The Brazos Center houses four new programs: Robotics Technology, Electrical Power & Controls, Environmental Technology – Compliance specialization and Electrical Lineworker Technology. There are now a total of 10 programs being offered at the Fort Bend County campus.
“The programs were all chosen strictly to serve market demand,” explained Associate Vice President of Student Learning Bryan Bowling. “We work closely with industry and have chosen high performing and high placement programs to meet industry demand and assure there’s a job for every graduate.”

TSTC Brazos Center Open House

The Brazos Center also provides space for various student support services, including recruiting, student accounting, veterans’ programs, financial aid, admissions, bookstore and a learning resource center.
But it was the state-of-the-art equipment that most impressed one touring guest. Enrico R. Giannetti, president of Dorian Tool International, which specializes in the research and development of highly technical, innovative tooling, has already hired a graduate from the Precision Machining program and his own son recently started attending classes at TSTC.
“This is outstanding. The technology here is great. It’s the future of technology and manufacturing in Texas. The region, the state, we’re all going to benefit from having TSTC here,” said Giannetti.
TSTC’s Fort Bend campus has been built with the financial support from the city of Rosenberg, city of Richmond, city of Sugarland, Fort Bend County, Sprint Waste Services, the George Foundation and the Henderson-Wessendorff Foundation. The municipalities and foundations made more than $40 million in contributions to help TSTC expand its educational opportunities in the region.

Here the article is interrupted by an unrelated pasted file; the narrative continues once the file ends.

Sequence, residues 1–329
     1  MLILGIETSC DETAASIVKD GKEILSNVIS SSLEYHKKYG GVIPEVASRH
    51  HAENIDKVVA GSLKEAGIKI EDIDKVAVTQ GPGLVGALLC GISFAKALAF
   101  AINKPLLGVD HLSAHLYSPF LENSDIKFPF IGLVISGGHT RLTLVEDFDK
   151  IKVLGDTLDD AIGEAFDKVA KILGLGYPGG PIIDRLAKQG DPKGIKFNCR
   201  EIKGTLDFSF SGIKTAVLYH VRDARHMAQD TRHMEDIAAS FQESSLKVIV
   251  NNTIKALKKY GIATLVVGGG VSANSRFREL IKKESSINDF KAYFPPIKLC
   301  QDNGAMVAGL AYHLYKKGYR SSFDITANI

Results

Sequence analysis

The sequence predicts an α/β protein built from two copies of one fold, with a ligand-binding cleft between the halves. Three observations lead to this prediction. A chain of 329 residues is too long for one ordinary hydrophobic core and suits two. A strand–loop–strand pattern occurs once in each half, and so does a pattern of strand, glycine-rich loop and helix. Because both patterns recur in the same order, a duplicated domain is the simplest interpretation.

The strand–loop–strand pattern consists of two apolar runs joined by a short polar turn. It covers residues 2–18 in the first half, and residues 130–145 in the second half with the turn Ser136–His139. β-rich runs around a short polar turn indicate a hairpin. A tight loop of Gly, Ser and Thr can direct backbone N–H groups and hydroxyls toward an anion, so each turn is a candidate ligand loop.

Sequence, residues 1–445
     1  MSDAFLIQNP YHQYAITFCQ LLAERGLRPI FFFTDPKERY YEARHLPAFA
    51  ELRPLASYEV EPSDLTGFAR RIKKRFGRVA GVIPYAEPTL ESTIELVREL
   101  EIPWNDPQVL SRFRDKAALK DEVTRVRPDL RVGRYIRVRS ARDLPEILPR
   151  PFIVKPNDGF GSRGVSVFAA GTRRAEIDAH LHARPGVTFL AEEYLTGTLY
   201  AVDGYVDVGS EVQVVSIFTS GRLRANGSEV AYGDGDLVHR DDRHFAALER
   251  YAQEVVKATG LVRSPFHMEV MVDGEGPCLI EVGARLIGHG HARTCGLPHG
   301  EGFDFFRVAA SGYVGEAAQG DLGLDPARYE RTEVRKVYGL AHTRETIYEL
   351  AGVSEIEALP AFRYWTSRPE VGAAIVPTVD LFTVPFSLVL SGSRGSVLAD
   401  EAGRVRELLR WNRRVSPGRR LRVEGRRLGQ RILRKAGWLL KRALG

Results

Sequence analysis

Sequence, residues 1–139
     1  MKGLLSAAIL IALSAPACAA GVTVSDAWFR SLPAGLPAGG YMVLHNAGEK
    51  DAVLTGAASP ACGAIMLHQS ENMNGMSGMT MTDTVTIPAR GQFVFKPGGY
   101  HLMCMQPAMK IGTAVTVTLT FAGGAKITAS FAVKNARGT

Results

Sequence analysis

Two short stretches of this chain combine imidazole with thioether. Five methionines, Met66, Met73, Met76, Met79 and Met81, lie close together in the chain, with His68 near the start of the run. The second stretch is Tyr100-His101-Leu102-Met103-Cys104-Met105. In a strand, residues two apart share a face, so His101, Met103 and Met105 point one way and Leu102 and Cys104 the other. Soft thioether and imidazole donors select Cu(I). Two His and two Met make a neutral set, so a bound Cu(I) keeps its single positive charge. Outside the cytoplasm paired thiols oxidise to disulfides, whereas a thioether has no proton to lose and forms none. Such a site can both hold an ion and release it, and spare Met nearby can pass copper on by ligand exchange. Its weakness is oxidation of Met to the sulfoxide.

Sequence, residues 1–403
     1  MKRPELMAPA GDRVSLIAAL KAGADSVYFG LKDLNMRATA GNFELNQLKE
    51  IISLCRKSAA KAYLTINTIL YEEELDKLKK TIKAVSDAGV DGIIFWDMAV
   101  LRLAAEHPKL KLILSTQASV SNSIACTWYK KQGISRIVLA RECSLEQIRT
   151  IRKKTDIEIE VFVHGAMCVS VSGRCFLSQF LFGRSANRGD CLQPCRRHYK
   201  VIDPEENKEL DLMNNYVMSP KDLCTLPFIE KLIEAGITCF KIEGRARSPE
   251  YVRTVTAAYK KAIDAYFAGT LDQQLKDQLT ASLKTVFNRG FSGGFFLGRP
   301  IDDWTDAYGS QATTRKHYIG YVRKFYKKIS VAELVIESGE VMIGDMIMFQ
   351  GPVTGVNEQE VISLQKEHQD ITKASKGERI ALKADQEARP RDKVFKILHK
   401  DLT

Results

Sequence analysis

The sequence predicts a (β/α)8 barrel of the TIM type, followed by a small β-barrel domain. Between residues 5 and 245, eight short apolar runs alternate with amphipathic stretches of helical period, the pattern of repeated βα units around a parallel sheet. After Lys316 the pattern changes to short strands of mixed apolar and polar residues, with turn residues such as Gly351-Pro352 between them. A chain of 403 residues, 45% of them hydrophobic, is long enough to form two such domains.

This summer there are 300 students enrolled in classes and that number will jump to 500 in the fall. TSTC enrollment is on track with growth predictions and Provost Wooten is already planning ahead.
“We have exceeded expectations. We anticipate outgrowing our space and needing building number three in about three years,” explained Wooten. “We’re already meeting, talking about need and starting the groundwork for future growth.”
Ultimately, the TSTC campus in Fort Bend County will boast six to eight buildings and be able to serve a projected enrollment of 5,000 students.
TSTC serves Texas through 10 campuses in Abilene, Breckenridge, Brownwood, Fort Bend County, Harlingen, Marshall, North Texas, Sweetwater, Waco and Williamson County. TSTC has graduated more than 100,000 students into the state workforce in its 50-year history.
For more information on TSTC in Fort Bend, visit tstc.edu.

TSTC Graduates 12 at First Commencement

(HUTTO) – Texas State Technical College celebrated its first commencement ceremony in Hutto Friday, May 11. Twelve graduates walked the stage in the presence of their family and friends.

“Today is a celebration of our graduates and recognition of all they have accomplished,” TSTC Provost Edgar Padilla said. “Tonight’s ceremony acknowledges the completion of study and dedication by our spring graduates and signifies the beginning of their professional careers.”